Now, with the onset of Hurricane Matthew, Haiti’s political climate is uncertain as the upcoming presidential election is postponed again. Thus far, it is reported that Matthew has killed more than 1,000 Haitians and devastated Jeremie, Les Cayes and many other regions in Haiti. As in past natural crises, the United States, Canada, France, Red Cross, the Clinton Foundation and the U.N. are more than eager to “help” the people of Haiti.

However, this time, Haitians are cautious, given the history of these countries and NGOs in regard to Haiti. For example, with the devastating earthquake of 2010 in Haiti, global citizens donated $500 million to the Red Cross and in return the Red Cross only built six homes, which were shanty, unsustainable and unlivable. Moreover, the U.N. “peacekeeping” troops introduced cholera to Haiti, killing more than 10,000 Haitians, and they also murdered and raped underage Haitians without any legal consequence. Furthermore, the U.S. under Obama and Hillary Clinton ignored the votes of the Haitian people by imposing Martelly as president of Haiti. The Clinton Foundation also raised $30 million for relief projects in Haiti and Haitians have yet to see any positive results.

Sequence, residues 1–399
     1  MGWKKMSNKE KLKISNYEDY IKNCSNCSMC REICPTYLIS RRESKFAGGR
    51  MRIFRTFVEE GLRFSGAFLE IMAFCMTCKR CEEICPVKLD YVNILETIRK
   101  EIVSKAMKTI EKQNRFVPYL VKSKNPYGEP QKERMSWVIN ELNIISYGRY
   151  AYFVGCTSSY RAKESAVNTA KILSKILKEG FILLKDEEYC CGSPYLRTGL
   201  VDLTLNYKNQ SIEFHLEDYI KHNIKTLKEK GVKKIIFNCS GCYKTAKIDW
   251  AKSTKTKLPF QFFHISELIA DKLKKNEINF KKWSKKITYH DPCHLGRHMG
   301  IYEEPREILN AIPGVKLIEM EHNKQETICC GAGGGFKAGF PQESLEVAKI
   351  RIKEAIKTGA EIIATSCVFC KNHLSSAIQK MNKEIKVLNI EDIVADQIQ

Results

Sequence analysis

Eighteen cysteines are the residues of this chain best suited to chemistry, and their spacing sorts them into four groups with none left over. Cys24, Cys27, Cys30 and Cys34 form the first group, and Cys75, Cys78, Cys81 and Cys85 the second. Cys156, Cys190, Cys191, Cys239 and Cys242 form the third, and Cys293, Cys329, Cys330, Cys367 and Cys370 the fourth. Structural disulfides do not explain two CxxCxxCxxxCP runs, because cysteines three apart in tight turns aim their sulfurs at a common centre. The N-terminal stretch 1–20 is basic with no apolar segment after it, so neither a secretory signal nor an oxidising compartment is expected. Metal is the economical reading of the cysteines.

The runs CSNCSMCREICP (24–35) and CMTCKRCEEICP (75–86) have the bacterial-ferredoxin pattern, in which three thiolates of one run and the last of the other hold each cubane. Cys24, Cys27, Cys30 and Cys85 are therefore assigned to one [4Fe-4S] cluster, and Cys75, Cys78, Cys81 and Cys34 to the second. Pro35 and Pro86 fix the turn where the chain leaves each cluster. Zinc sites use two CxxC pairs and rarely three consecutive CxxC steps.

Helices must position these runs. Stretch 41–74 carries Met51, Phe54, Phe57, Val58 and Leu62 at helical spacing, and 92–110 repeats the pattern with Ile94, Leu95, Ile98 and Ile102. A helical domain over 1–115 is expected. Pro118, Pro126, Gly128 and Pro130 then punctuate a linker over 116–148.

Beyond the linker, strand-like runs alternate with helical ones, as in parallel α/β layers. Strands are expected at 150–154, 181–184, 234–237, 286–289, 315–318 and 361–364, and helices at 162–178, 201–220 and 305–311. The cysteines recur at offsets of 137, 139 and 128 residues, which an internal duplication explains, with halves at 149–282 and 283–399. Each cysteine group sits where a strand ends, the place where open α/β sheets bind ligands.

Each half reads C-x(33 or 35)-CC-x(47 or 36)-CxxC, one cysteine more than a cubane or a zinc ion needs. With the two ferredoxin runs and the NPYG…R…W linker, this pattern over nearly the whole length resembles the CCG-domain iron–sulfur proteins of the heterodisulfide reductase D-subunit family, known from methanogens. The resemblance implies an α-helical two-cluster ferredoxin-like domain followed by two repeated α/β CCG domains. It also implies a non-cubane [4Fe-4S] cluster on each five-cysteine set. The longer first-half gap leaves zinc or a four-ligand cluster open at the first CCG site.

With the crisis of Hurricane Matthew, the question is what is next for Haiti? Another selected official? An increase in cholera outbreak or other diseases? More privatization of state-owned industries? An increase in deaths and more damage to Haitian infrastructures and properties? More donations to the Clinton Foundation, Red Cross, USAID, etc.? Further physical and sexual abuse of Haitian minors by UN “peacekeeping” troops? Continuous complicity, non-activism and nihilism by Haitian intellectuals, scholars and professionals?